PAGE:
Wednesday, May 28th, 2008
By Shelley Grieshop
Local farmers face extra costs due to weather
The rain that didn't arrive as predicted Memorial Day weekend has sent many farmers back into their fields to replant corn and beans.
Local agriculture experts say farmers were hoping the forecasted rain would soften the surface of the soil to allow recently-planted seedlings to emerge. Unfortunately, the rain didn't come. To make matters worse, seeds are scarce this year and planting costs are at a record high, says a local seed dealer.
"This is the worst I've ever seen," said Steve Knapke of Helena Agronomic Center, Coldwater, who's been in the seed business for 30 years.
Replanting might not be profitable either, he said. Fuel prices keep rising; fertilizer is nearly 200 percent more than last year; and seeds - if you can find them - carry a price tag 15-20 percent higher than last spring.
Depending on the market price at harvest time, a farmer's extra time in the field could be in vain, Knapke explained.
"I almost guarantee that about every farmer out there is at least spot planting if not replanting their entire field," Knapke said, basing his statement on recent seed sales.
Most area farmers first planted three weeks ago, and it typically takes a week or two before the seed germinates and pops through the ground. The longer a seed remains in the ground, the more at risk it is to decay, mold and pests.
A good rain fell about the time many farmers planted their crops the first week of May, but the cool and dry weather that followed has created a hard crust on the soil, making it difficult for seeds to sprout.
"That crust is like concrete," Knapke said.
Because the corn and soybeans harvested last year were dry and fragile, quality seeds for this year's crop are hard to find and subsequently costly. Knapke said he's been able to please most of his customers, so far, but it hasn't been easy. Farmers want to replace their first plantings with seeds of the same traits and maturity, he added.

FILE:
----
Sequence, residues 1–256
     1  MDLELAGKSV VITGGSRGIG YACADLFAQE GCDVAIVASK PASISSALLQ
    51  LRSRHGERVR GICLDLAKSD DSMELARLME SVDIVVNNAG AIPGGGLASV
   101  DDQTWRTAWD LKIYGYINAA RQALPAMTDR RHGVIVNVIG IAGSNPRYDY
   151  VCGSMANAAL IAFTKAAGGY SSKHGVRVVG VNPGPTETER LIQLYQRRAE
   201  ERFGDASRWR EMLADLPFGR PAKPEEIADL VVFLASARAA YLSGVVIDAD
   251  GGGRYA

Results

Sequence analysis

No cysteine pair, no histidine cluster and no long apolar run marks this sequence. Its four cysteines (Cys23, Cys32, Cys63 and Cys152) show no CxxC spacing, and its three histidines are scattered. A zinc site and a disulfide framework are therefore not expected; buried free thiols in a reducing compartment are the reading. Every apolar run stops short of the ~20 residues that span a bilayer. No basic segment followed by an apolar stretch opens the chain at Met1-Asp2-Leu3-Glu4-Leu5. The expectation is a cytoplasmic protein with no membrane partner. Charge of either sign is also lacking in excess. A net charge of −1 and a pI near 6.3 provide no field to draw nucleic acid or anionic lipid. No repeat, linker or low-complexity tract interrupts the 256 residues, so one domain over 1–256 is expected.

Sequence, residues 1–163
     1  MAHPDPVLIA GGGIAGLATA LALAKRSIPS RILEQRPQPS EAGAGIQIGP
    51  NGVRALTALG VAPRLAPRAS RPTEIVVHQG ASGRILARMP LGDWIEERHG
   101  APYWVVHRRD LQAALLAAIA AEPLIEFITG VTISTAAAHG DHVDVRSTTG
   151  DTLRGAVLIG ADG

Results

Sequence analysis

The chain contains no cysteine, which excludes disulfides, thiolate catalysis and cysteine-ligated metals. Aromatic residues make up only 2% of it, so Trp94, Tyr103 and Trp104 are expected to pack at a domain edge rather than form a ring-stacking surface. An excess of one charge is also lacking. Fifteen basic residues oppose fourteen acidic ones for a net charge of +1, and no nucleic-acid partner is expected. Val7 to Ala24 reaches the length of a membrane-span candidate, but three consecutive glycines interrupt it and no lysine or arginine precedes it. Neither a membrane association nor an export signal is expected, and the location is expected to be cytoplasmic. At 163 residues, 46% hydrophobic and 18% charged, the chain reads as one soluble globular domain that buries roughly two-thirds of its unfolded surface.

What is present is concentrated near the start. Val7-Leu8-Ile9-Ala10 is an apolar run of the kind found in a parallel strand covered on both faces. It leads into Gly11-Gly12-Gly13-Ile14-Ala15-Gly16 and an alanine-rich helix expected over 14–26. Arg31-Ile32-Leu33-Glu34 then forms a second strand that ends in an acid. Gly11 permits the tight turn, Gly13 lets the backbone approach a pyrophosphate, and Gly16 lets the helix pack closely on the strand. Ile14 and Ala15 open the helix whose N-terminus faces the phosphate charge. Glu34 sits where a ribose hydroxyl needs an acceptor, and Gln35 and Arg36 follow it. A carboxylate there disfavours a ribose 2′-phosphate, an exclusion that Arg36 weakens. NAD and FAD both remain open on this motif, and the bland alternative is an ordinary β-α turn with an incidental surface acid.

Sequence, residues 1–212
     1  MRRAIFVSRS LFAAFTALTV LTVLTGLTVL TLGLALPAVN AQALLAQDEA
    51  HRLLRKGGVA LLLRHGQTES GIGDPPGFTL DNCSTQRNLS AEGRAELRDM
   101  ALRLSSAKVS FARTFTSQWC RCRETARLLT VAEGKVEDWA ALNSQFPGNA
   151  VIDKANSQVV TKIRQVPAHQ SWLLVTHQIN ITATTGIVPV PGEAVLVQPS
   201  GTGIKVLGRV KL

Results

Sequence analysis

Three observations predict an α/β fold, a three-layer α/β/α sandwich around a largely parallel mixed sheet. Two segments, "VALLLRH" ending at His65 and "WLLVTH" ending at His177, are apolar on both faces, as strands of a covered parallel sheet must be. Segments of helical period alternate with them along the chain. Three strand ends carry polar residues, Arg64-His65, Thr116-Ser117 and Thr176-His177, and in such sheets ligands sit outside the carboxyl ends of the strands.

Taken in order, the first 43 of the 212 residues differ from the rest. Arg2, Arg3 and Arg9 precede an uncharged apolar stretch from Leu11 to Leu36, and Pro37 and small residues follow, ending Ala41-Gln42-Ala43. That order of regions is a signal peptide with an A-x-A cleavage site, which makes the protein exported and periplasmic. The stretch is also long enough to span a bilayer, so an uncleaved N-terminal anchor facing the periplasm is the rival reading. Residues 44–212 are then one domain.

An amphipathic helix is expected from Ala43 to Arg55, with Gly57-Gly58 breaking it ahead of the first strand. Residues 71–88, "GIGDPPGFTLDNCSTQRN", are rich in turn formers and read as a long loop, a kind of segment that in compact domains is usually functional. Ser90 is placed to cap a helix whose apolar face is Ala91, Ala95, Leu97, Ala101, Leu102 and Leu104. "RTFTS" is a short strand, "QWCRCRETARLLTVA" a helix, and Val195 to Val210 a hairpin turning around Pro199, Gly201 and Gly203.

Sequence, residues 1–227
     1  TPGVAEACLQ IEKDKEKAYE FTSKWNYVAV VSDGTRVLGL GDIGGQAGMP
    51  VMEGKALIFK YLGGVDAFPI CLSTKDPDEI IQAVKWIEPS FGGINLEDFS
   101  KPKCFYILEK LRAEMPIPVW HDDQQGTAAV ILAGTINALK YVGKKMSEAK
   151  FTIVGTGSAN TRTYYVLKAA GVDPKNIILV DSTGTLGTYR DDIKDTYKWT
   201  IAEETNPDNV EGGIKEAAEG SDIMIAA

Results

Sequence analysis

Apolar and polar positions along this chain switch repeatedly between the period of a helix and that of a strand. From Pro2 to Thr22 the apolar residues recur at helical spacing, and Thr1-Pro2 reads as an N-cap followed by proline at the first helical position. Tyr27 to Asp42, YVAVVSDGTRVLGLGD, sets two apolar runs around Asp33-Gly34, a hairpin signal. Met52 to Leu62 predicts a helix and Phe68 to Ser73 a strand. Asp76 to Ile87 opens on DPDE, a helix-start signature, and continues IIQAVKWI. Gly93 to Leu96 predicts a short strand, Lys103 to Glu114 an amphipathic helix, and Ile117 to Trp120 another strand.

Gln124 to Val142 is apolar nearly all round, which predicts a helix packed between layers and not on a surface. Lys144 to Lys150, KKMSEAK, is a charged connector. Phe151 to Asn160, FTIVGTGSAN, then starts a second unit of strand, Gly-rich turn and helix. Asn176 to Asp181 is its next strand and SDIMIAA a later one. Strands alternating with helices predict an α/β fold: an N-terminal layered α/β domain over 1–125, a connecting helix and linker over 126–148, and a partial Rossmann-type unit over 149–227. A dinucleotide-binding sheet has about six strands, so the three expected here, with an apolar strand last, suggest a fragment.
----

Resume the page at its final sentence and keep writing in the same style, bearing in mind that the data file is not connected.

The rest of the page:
Todd Mangen of the Ohio State University Extension Office in Celina said some farmers have been "rotary hoeing" to try and break up the top soil but it overall hasn't been real successful.
"It's (the soil) still too hard, though, and I don't think it's doing much good," he said.
Despite the possibility of a poor harvest, Mangen warns area farmers to think twice before replanting. "Stand counts" - a practice that involves counting the number of plants in a specific measured area - is one way farmers can tell whether their crop growth is adequate, Mangen said.
A chance of showers is forecasted for Friday and Saturday, which could help some farmers who are still holding out hope for their initial planting.
"Farmers have to be the most optimistic people out there," Knapke said. "They have to have hope. It's their life."
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